Appalachian language and other myths about the region

You’ve probably heard this rural legend (as opposed to urban legend): The people of Appalachia speak a dialect of English that harkens back to the English of Chaucer; it’s older even than the English of Shakespeare.

No, they don’t.

Just as everyone else’s English has done, the English of rural Appalachia has constantly evolved and is the product of multiple influences.

That’s the argument that Chi Luu, a computational linguist, makes in an interesting and arresting article in JSTOR Daily: The Legendary Language of the Appalachian “Holler” | JSTOR Daily

Language has an important place in the folklore of Appalachia and has evolved to become something quite different from its original linguistic sources. It’s one of the ways Appalachian communities show solidarity and belonging. Language lovers may marvel at this unique linguistic quilt, a thing of threads and patches, that extends across a region that often seems to have little else going for it. But in some ways, the folksiness, the romanticized hearkening back to the past, holds the region back from telling a more nuanced story about itself, where it came from, and where it might be going.

Luu posits that Appalachia should be recognized for its diversity — cultural as well as linguistic — rather than being thought of as fiercely and exclusively white descendants of Scots-Irish stock. Movement in and out of Appalachia was just as prevalent as in any other part of the country.

We may think of Appalachia as poor, rural, white, backward, and uneducated (and, in today’s political climate, angry). But to do so makes us the fools rather than the people of this fascinating region. Or, as Luu puts it:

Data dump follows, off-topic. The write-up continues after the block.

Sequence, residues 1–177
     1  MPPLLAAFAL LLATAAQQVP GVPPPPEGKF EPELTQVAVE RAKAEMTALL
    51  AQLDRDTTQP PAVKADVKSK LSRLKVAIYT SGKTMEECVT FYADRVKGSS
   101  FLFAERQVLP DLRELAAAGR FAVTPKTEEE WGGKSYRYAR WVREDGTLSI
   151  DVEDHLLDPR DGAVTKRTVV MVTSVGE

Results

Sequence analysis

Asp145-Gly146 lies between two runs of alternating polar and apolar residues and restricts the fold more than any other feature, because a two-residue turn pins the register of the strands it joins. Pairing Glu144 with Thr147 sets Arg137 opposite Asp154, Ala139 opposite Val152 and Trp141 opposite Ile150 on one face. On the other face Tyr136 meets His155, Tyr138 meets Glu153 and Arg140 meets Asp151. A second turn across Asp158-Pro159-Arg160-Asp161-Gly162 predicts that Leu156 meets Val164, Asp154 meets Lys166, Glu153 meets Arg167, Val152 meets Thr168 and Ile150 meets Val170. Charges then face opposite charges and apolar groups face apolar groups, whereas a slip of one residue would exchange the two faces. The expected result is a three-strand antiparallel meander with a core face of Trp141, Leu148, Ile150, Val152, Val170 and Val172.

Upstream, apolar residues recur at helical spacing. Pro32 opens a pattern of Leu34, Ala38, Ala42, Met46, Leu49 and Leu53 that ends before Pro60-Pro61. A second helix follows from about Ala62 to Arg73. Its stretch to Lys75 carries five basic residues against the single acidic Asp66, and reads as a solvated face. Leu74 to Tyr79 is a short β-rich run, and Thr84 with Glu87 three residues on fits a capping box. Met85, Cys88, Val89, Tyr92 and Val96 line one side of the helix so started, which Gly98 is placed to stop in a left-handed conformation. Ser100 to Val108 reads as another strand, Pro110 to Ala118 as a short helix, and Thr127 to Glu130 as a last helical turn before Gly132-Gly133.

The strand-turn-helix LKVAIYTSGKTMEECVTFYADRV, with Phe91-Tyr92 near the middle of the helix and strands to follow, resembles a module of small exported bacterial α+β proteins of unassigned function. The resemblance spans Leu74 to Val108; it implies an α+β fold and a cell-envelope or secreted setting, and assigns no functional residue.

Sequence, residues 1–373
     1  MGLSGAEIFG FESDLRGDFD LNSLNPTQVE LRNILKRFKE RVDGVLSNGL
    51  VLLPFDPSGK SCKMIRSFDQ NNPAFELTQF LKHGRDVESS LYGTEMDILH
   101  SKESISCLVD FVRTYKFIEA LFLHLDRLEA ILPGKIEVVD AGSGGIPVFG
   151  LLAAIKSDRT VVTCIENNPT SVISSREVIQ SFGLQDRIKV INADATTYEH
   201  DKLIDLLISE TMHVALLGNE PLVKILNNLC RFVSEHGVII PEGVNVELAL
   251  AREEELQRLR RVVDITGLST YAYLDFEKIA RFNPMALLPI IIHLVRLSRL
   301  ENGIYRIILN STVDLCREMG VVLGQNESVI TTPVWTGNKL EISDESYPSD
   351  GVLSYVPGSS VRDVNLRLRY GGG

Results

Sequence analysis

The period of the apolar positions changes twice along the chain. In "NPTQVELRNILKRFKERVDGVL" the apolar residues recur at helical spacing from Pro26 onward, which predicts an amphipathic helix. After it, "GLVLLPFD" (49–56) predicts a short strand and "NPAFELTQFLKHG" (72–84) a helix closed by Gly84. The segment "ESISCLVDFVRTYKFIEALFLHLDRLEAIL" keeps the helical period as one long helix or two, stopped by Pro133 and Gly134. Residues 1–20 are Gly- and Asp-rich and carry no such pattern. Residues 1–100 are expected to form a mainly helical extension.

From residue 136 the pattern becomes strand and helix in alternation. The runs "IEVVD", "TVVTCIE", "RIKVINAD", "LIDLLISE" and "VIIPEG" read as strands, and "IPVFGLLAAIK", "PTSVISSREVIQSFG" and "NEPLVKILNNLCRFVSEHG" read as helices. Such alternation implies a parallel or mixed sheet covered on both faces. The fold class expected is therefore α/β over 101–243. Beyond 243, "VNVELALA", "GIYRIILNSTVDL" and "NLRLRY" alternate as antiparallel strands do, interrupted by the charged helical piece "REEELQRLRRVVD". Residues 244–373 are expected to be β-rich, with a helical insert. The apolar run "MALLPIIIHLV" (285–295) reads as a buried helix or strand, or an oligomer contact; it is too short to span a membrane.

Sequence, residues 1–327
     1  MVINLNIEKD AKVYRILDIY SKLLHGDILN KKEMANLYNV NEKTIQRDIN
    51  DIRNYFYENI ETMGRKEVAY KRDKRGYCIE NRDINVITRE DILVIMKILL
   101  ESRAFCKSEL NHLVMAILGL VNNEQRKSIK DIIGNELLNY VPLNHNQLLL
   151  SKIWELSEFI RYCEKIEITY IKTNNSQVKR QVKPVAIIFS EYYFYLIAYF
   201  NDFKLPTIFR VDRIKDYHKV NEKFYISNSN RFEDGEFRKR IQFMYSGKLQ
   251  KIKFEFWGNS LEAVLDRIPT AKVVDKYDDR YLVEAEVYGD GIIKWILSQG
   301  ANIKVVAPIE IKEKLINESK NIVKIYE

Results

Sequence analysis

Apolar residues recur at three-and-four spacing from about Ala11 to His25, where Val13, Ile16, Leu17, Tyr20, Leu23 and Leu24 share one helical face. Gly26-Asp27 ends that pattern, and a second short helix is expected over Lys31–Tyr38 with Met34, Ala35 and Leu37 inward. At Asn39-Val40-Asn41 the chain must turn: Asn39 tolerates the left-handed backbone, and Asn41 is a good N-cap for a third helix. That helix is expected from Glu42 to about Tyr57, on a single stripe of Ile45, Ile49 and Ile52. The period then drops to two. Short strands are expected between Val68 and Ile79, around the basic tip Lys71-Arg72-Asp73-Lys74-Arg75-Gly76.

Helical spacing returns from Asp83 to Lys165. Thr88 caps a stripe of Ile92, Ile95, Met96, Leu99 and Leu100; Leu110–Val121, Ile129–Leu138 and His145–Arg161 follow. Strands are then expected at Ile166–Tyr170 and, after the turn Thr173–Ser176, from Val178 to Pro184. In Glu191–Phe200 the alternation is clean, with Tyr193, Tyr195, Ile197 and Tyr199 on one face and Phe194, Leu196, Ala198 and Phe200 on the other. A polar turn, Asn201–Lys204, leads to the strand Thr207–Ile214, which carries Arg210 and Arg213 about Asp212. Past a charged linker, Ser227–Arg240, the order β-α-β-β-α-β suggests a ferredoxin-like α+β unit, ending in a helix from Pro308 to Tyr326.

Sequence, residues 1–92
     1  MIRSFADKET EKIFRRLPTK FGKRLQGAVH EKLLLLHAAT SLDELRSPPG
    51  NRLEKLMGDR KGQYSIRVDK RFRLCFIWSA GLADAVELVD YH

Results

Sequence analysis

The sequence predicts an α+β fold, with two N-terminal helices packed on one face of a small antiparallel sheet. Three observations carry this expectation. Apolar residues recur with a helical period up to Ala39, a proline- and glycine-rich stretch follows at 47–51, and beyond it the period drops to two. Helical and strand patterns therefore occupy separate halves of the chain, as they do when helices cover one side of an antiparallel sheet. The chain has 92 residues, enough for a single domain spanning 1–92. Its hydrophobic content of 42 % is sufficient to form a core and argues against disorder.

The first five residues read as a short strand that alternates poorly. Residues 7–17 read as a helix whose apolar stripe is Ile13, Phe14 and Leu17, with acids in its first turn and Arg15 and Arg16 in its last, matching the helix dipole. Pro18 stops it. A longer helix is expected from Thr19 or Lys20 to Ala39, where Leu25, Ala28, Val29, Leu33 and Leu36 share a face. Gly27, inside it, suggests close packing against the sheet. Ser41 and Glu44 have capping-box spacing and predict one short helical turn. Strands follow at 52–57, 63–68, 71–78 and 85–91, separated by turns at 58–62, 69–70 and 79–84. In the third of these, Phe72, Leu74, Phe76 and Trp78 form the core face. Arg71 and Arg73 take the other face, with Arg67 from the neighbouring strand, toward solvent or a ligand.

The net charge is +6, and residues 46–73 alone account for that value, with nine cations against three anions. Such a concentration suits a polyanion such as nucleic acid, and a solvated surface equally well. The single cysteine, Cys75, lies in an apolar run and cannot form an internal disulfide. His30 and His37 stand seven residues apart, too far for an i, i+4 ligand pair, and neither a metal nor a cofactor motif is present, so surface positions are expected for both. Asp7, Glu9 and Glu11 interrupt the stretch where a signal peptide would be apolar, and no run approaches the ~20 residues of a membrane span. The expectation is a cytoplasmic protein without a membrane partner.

So the theory of the poor, white, rural Appalachian mountain men going it alone, preserving a pure and unchanging strain of archaic British English, isolated in a hardscrabble place far from civilization, could not be further from the truth. Without the influence of diverse communities of other Appalachians such as African American Appalachians, the southern Appalachian speech and culture simply would not be what it is today. To ignore their contributions to culture and language means Appalachia will always be a distant story, burdened by the myths and legends written by others, left half told.

 

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About Jim Stovall

Jim Stovall, a retired journalism prof, is now a novelist, self publisher, watercolorist, gardener, woodworker and beekeeper -- among others things.

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